Marja Koski

Can we measure the effects of climate change in the Arctic?

Tuesday 23 Mar 21
|
by Helle Falborg

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Marja Koski
Associate Professor
DTU Aqua
+45 35 88 34 07

Impacts of climate change on the Arctic

Danish researchers took part in the voyage under the EU-funded ECOTIP project, which is investigating when and why climate change leads to abrupt changes in Arctic ecosystems. Several research institutions from Denmark, Greenland, Norway, Japan, Canada, and other countries are participating in the project. DTU Aqua is coordinating the Danish part of the project.

For more information: ecotip-arctic.eu
In autumn 2020, an international research team was stationed in the sea west of Greenland to investigate how climate change affects ecosystems in the Arctic.

What controls the exchange of seawater between the Arctic and the Atlantic oceans? Are there any signs of changes in ocean currents? How will the changes affect marine organisms—from the microscopic plankton to the large marine mammals?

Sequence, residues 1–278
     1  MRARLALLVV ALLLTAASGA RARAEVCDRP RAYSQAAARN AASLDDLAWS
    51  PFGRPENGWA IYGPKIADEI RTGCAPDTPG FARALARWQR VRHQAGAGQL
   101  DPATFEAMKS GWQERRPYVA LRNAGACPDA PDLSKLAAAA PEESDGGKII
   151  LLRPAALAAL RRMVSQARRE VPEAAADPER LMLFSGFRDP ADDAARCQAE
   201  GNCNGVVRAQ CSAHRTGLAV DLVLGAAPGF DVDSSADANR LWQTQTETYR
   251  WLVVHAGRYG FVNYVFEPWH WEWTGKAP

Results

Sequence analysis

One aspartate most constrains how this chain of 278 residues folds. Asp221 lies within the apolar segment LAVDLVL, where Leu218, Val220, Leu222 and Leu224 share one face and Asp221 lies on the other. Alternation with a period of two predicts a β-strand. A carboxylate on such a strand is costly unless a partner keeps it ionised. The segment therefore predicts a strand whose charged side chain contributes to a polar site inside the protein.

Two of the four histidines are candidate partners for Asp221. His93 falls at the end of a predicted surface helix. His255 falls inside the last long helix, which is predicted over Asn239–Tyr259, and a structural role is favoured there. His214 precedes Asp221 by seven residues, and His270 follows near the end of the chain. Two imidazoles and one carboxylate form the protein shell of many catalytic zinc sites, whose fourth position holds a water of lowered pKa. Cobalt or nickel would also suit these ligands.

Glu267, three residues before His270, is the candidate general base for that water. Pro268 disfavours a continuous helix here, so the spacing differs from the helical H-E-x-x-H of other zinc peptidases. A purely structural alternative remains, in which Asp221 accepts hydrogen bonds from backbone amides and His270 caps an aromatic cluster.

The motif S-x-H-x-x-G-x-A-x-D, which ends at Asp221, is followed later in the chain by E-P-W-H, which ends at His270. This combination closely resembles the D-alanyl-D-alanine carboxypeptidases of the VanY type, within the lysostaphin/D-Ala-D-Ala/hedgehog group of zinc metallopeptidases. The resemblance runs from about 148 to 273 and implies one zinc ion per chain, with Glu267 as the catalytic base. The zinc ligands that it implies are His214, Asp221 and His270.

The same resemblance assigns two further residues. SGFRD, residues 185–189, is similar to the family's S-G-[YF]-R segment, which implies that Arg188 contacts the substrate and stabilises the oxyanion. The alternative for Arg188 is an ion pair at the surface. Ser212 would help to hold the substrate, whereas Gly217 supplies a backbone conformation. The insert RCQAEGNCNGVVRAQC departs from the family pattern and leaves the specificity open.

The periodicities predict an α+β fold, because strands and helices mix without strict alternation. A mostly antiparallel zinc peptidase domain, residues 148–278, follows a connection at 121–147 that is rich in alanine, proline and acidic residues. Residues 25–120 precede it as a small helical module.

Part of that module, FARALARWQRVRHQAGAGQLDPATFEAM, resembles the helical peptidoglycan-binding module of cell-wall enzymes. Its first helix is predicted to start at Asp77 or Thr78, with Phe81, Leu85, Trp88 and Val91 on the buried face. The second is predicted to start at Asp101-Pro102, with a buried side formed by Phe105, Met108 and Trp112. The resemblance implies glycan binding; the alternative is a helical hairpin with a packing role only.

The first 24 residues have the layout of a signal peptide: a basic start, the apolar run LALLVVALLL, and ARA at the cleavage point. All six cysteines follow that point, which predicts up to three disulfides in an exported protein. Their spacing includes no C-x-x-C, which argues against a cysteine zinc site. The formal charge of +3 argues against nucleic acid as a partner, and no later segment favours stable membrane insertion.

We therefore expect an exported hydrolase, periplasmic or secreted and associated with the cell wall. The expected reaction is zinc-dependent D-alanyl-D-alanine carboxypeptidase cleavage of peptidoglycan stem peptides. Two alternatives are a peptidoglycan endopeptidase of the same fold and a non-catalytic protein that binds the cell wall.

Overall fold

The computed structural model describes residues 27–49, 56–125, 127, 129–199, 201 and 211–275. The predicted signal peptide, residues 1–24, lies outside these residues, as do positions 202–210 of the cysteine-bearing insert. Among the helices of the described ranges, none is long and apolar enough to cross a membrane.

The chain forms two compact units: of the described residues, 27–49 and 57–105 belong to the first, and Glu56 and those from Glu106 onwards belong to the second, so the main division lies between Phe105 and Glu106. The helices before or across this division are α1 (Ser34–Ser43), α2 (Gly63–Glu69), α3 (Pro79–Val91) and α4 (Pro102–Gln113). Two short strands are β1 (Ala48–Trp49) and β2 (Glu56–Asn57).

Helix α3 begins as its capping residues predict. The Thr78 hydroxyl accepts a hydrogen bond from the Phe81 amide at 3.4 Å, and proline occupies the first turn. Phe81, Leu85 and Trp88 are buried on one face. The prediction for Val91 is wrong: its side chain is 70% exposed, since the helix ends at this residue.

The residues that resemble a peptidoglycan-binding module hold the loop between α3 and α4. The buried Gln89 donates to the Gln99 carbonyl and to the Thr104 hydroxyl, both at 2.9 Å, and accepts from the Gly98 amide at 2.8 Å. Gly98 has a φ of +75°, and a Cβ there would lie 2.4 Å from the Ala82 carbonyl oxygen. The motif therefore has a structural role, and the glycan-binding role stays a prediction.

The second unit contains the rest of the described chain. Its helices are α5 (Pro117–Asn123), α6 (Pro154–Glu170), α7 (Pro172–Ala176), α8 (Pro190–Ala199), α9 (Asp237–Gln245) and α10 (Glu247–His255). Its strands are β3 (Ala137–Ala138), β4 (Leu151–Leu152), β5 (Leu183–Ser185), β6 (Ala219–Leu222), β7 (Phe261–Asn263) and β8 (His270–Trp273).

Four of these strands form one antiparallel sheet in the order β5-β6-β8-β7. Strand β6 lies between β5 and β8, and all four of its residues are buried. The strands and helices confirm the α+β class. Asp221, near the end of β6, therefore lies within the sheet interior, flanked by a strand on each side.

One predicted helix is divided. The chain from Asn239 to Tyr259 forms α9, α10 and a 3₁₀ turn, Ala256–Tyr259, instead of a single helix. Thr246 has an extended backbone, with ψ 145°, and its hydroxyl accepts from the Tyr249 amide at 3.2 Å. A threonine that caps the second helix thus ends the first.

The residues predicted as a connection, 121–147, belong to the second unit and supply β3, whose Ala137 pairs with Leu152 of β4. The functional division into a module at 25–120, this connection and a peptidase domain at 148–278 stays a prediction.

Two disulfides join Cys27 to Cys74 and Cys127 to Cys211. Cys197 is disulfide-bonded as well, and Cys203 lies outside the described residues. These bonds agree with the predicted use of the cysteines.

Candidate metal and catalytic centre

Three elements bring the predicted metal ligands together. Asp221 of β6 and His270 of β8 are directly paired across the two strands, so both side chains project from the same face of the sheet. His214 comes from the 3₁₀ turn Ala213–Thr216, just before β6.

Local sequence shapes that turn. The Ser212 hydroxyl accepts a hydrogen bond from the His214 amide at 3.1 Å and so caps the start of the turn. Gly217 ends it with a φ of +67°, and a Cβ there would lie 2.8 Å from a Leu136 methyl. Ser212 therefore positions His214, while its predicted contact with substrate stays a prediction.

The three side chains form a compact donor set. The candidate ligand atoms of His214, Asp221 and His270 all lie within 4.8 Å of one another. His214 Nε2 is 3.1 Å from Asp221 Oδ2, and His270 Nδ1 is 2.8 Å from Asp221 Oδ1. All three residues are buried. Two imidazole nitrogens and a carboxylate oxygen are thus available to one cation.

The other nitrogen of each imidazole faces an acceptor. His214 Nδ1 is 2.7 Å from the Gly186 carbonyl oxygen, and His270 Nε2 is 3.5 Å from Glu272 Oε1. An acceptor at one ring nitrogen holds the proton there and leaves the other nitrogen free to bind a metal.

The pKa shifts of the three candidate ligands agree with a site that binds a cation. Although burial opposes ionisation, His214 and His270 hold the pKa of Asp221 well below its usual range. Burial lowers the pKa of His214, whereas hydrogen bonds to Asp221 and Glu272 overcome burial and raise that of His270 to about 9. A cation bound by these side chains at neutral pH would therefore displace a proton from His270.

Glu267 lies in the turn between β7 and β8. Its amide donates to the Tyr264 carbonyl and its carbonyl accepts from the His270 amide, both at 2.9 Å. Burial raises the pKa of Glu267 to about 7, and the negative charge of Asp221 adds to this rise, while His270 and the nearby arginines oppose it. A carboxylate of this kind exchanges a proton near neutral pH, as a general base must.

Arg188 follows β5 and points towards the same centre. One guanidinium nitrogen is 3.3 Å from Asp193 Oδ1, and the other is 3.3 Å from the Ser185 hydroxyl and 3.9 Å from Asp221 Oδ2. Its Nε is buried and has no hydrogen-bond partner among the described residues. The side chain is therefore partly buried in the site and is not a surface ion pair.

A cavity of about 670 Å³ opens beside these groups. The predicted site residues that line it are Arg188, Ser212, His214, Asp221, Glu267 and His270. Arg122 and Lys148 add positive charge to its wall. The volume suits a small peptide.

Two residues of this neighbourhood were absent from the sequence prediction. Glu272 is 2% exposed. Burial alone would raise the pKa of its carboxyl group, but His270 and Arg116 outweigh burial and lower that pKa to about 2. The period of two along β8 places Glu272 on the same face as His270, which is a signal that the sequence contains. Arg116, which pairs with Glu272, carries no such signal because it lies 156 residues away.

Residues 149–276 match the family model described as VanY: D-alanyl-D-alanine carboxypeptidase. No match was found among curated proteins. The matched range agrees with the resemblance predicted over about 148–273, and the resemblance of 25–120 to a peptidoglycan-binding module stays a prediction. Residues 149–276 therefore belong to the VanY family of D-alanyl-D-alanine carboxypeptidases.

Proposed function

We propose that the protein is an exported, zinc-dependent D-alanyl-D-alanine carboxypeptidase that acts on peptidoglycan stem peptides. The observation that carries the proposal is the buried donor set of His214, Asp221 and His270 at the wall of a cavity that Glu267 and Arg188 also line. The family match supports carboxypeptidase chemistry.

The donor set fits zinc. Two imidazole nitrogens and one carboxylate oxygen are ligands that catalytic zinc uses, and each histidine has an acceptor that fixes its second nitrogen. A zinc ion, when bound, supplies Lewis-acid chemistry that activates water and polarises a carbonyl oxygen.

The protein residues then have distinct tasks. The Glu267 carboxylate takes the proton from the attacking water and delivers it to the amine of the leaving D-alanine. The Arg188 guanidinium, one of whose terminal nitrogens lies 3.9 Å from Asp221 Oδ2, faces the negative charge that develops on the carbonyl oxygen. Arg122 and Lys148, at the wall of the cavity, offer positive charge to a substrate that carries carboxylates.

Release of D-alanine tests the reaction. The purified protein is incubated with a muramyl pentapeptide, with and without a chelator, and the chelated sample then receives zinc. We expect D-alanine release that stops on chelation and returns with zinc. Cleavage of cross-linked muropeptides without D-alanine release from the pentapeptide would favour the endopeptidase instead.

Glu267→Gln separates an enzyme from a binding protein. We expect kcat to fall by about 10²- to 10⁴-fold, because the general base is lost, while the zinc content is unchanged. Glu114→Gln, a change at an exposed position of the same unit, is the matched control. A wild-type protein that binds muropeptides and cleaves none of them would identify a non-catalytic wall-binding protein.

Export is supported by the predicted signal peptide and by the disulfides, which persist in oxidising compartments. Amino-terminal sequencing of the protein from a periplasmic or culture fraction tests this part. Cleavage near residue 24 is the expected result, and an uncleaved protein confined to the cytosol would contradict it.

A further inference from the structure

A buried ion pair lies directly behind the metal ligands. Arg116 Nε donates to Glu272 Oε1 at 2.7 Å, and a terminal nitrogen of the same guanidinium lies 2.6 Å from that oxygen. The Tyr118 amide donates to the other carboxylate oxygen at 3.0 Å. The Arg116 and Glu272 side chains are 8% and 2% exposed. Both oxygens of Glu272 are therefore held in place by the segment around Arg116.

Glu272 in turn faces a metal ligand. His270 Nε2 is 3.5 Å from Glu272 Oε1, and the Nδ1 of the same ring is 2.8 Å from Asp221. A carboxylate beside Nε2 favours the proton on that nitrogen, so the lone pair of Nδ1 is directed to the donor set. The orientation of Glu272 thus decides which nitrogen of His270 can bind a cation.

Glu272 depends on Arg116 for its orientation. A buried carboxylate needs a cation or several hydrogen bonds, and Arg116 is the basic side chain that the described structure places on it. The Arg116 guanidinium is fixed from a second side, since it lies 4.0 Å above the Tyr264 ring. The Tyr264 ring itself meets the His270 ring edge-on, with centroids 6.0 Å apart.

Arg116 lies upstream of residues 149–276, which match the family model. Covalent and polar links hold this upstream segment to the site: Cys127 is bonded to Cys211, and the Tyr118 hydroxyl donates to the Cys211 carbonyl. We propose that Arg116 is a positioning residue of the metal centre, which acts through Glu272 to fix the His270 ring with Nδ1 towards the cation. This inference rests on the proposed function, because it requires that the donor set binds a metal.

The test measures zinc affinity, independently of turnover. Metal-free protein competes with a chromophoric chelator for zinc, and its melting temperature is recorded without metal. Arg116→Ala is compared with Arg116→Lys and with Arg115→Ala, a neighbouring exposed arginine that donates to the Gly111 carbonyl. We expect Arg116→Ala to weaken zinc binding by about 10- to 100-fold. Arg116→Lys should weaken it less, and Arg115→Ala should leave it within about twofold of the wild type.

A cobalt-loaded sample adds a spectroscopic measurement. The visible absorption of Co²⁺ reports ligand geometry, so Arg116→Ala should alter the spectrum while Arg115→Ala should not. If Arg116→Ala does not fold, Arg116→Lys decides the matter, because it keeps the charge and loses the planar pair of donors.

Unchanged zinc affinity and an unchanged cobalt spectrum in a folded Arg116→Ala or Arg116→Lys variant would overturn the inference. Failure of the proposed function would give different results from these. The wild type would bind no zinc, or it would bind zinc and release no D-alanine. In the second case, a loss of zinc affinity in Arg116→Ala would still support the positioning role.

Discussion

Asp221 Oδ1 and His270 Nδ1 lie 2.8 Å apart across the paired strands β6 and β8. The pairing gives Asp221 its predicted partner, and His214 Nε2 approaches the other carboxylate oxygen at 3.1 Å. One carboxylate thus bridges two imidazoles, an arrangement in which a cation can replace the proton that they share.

These were some of the questions a research team with members from USA, Greenland, and Denmark sought answers to as they traversed Davis Strait west of Greenland in the Danish marine research ship, Dana, in autumn 2020.

The Danish researchers on the team wanted to investigate when and why climate change leads to sudden and dramatic changes in arctic marine ecosystems—called ‘tipping points’. Reaching a tipping point could lead to a domino effect that impacts biodiversity, the functions of ecosystems, and ultimately, the people who depend on them.

Data needed in the Arctic

Marja Koski, Senior Researcher at DTU Aqua, is an expert in copepods and examines the mix of species, their role in the ocean’s absorption of carbon, and their value as fish feed. She joined the voyage to collect data for her calculations of the mix of species and carbon absorption in the Arctic region. She is pleased that Denmark has an ocean-going research ship, and notes that her studies depend on field work:

“When you work with biodiversity in the North Atlantic and Arctic oceans, you can’t avoid going out to sea. This is an area where we do not have enough knowledge. The observations needed to do calculations and modelling do not exist,” says Marja Koski.

“You can do a lot of studies using data collected via sensors on satellites or other platforms, but many studies require that you personally collect water samples and marine fauna from the depths in the areas being investigated,” she says.

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